To prepare for series production, the winding line and tooling at ASIPP was first qualified according to ITER Organization procedures in 2013. ASIPP technicians then began winding a full-size mockup of the bottom correction coil and completed its impregnation in 2014; since that date they have completed the first production bottom correction coil winding pack (eight layers of niobium-titanium superconductor) and are nearly through the impregnation stage. The seven helium inlets of the winding pack have also passed inspections successfully.

In addition, qualification of the coil case—the stainless steel outer shell that provides the structural element to the assembly—is underway. The raw material for the coil cases has been hot-rolled and extruded in prototype trials and a full-size U-shape section has been assembled, representing the bottom correction coil casing. Last but not least, the qualification of the laser closure welding for the coil case will be the final challenge to complete, ending the component qualification phase at ASIPP. To overcome this final hurdle, ASIPP has been developing a high-power laser welding machine to achieve the rigorous quality specifications in the welding of the correction coil.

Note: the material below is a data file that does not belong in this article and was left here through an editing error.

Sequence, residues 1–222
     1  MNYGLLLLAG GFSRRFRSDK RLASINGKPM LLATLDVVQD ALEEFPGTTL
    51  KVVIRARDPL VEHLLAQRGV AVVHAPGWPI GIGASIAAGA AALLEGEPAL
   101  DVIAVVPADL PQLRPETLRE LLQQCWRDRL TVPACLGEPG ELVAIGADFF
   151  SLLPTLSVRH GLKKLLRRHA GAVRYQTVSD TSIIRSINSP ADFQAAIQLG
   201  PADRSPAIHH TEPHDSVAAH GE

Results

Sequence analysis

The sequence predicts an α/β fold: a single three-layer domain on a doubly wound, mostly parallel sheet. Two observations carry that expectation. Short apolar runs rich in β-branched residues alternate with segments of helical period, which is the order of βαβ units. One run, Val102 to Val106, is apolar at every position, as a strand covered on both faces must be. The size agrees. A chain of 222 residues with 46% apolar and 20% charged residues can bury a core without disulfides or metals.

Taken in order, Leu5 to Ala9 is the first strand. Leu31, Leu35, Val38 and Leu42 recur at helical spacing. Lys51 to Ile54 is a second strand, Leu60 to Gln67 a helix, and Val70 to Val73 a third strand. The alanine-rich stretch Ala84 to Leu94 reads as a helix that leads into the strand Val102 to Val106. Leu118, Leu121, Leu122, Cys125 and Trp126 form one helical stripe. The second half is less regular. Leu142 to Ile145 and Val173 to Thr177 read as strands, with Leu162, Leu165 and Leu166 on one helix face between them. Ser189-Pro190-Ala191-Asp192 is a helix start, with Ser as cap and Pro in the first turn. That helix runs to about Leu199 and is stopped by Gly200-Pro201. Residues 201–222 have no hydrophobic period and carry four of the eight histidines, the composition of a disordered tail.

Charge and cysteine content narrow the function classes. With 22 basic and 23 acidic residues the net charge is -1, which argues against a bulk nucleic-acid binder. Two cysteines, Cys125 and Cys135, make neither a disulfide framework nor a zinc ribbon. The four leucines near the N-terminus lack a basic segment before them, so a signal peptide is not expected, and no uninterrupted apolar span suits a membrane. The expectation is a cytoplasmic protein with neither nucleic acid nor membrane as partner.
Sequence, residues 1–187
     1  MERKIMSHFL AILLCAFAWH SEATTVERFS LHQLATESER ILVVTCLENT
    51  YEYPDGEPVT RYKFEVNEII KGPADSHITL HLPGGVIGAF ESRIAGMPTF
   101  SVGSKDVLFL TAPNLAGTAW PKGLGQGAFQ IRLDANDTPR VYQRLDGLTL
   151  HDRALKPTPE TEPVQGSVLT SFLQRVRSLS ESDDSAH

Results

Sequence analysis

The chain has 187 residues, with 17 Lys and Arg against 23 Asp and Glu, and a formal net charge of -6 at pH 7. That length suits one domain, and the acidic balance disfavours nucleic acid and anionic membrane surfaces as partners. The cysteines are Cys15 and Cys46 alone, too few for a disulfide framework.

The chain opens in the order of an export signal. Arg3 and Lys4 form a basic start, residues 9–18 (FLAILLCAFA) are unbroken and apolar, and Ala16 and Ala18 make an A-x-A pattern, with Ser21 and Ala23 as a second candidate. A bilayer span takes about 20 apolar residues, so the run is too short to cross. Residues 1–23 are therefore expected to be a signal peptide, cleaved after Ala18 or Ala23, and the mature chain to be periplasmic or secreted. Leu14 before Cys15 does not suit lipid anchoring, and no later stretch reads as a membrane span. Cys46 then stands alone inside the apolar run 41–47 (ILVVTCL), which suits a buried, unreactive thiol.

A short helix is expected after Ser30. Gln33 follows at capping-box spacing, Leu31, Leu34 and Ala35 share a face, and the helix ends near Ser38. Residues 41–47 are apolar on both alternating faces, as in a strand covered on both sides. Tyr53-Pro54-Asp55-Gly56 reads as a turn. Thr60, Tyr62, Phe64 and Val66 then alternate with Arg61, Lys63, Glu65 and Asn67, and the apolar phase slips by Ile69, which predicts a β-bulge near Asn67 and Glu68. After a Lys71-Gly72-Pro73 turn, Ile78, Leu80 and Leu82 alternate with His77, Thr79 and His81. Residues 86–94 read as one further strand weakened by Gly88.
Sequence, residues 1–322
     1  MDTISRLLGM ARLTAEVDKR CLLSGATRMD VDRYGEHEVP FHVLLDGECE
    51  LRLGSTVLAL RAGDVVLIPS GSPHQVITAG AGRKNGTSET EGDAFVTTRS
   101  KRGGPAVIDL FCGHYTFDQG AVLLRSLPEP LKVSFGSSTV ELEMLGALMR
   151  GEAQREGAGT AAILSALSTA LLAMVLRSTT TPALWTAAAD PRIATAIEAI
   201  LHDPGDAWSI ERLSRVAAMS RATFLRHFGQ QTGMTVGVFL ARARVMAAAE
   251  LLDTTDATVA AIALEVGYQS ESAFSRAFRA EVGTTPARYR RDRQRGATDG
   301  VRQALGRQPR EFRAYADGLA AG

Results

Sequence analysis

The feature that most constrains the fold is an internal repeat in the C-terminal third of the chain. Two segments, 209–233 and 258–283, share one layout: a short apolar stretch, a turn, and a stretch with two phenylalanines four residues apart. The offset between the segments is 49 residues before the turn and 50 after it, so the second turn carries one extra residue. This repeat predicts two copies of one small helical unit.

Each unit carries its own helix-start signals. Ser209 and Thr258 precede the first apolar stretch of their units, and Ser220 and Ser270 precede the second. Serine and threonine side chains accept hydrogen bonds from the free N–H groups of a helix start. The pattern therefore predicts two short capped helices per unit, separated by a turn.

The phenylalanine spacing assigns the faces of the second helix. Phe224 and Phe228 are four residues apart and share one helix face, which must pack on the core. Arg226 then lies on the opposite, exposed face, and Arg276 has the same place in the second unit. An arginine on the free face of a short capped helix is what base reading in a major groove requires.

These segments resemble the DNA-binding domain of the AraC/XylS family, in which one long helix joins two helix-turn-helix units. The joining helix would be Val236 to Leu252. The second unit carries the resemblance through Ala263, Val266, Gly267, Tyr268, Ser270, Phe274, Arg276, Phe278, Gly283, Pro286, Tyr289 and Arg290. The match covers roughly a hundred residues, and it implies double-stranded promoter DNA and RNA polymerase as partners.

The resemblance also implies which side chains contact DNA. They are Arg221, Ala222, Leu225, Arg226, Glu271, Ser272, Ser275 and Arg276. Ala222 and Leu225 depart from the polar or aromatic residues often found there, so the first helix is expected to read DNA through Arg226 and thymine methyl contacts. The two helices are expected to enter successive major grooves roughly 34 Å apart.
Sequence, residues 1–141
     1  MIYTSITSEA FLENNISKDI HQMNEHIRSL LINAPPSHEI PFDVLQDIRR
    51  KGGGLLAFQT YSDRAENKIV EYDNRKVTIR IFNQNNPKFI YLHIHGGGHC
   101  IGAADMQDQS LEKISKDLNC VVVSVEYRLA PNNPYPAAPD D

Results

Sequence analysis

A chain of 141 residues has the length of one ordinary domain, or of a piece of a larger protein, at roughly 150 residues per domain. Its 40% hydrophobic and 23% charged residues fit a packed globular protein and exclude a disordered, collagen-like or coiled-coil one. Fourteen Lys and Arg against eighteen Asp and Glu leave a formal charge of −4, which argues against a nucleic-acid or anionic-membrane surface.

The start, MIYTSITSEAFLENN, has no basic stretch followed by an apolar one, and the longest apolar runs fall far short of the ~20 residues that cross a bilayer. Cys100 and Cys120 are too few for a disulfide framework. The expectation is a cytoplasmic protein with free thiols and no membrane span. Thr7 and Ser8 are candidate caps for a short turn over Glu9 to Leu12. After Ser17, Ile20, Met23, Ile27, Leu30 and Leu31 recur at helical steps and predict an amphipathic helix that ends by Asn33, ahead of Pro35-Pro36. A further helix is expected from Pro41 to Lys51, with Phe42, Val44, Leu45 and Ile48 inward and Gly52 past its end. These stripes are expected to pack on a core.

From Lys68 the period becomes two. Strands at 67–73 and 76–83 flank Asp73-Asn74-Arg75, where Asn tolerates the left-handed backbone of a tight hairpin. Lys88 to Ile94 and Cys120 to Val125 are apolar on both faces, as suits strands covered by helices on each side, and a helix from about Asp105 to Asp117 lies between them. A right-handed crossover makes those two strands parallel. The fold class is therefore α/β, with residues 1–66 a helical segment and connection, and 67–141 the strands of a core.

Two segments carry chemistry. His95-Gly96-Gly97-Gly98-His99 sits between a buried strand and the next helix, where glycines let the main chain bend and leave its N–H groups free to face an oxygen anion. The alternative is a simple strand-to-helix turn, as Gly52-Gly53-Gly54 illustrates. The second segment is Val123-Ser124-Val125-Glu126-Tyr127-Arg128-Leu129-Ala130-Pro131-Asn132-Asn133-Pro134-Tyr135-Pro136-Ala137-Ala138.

The qualification activities that are progressing for the bottom correction coils will also serve to qualify the manufacturing procedures for the top coils, which are identical. For the side correction coils, similar prototyping activities are underway, including the realization and impregnation of a half-winding and the start of work on a full-scale winding. Work has also begun to qualify the side correction coil casing.